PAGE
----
the regina mom again steps away from poetry-writing and into political writing because she thinks it's that damned important! And who knows? She might get a poem out of it, too, one day.
trm sees more and more rightwing, American-style politics crossing our border and the unFair Elections Act is certainly one of these instances. Brent Patterson at the Council of Canadians has more on that, particularly the bit about fraud at the polls being virtually non-existent. Yet, the HarperCons address it as though it's a real problem. Lead Now has a petition addressing that.
Alison@Creekside riffs and expands upon the Andrew Coyne article, What problems are the Conservatives really trying to solve with bizarre Fair Elections Act?, from which trm cited yesterday. The problems Alison@Creekside thinks the Cons identified are these:
- Investigation into election fraud in 2011 Election 33 months ago being rushed along at dangerous breakneck speeds.
- Public trust in fair elections in Canada at all time high.
- Serially violate election law successfully but then lose court battles to election watchdog.
- Too many people vote - 61% in the last federal election - especially aboriginals, young people, old people, and poor people.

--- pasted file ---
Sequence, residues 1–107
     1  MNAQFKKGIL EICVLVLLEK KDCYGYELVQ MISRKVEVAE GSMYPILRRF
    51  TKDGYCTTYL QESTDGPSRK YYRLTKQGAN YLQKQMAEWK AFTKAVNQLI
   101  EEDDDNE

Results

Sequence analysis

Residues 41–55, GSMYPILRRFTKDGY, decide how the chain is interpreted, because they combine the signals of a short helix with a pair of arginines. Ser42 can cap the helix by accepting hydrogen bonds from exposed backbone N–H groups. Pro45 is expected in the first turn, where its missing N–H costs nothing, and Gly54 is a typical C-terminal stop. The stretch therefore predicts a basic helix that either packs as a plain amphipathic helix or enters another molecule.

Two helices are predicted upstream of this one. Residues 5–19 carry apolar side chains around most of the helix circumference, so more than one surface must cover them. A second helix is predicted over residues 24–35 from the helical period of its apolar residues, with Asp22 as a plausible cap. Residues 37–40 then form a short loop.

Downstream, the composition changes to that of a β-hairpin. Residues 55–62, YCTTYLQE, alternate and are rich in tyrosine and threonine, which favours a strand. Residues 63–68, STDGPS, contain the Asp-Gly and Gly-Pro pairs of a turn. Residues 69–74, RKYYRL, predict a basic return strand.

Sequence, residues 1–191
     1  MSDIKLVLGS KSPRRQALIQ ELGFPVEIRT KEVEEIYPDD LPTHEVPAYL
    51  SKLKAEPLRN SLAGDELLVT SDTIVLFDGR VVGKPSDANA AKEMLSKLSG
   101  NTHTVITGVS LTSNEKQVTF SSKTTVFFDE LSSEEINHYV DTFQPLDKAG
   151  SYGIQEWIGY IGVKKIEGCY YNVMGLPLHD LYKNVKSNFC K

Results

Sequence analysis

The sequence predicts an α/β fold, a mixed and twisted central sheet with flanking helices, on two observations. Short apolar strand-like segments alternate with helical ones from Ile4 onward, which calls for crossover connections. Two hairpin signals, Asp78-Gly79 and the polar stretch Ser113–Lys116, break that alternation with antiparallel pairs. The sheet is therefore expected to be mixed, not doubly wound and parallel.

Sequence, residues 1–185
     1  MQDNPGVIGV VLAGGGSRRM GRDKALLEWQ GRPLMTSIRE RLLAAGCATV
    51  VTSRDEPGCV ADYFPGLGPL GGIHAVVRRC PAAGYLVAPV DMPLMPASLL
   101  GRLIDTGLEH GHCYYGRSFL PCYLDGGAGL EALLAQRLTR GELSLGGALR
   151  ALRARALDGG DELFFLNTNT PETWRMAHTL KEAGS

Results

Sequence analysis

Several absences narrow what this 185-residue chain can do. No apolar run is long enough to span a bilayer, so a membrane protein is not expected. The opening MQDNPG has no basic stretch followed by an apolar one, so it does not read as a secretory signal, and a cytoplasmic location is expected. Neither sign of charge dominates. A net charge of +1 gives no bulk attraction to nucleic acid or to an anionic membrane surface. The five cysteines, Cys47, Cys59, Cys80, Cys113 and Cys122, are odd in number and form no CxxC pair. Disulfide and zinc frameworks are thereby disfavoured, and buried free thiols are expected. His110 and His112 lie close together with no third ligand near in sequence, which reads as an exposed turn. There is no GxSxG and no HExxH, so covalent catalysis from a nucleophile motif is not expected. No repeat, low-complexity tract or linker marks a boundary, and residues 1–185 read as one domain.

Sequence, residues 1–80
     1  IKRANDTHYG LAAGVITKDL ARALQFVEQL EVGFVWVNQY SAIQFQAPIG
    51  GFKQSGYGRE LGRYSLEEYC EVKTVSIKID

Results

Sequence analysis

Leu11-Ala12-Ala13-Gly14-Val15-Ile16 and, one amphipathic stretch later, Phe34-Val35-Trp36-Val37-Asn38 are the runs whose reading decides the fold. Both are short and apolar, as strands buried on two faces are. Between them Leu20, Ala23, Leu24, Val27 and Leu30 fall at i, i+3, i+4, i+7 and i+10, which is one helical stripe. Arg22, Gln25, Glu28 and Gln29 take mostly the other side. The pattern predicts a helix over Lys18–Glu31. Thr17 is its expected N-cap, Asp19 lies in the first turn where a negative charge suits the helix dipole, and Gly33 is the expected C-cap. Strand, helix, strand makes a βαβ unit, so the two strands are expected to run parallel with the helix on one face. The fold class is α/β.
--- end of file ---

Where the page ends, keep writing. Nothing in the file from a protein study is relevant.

- Parties not spending enough time and money on elections.
trm loves the analysis and hopes you read Alison's take on how the Act provides solutions to these so-called problems. Michael Harris lends credence to Alison's arguments with a doozer of an article at iPolitics!
How odd that the very people who were called “serial cheaters” this week by Opposition Leader Thomas Mulcair are now rewriting the mandate of the office that runs elections and vouches for their integrity. The people who were the problem are providing the solution, which in normal language is called being judge in your own cause. A dubious principle in law and politics.
If you haven't listened to the interview with Marc Mayrand, Canada's Chief Electoral Officer, on CBC Radio One's, The House, you want to. Also take a look at DAMMIT JANET! for a list of links to excellent pieces by Stephen Maher and Chantal Hebert, for starters, as well as to a commentary by Don Martin. His point that ramming a bill on democratic reform through Parliament is not very democratic is well taken by trm. Also of interest at DJ are tweets which fairly summarize the issue.
Another angle on this Act has to do with its constitutionality which is to say it may violate the Canadian Charter of Rights and Freedoms in that it stand[s] between Canadian citizens and our right to vote. Have a look at that, too.
So take a moment today to Call a Con! Support Maude Barlow and the Council of Canadians' Hold the phone action to stop Harper's new Elections Act!
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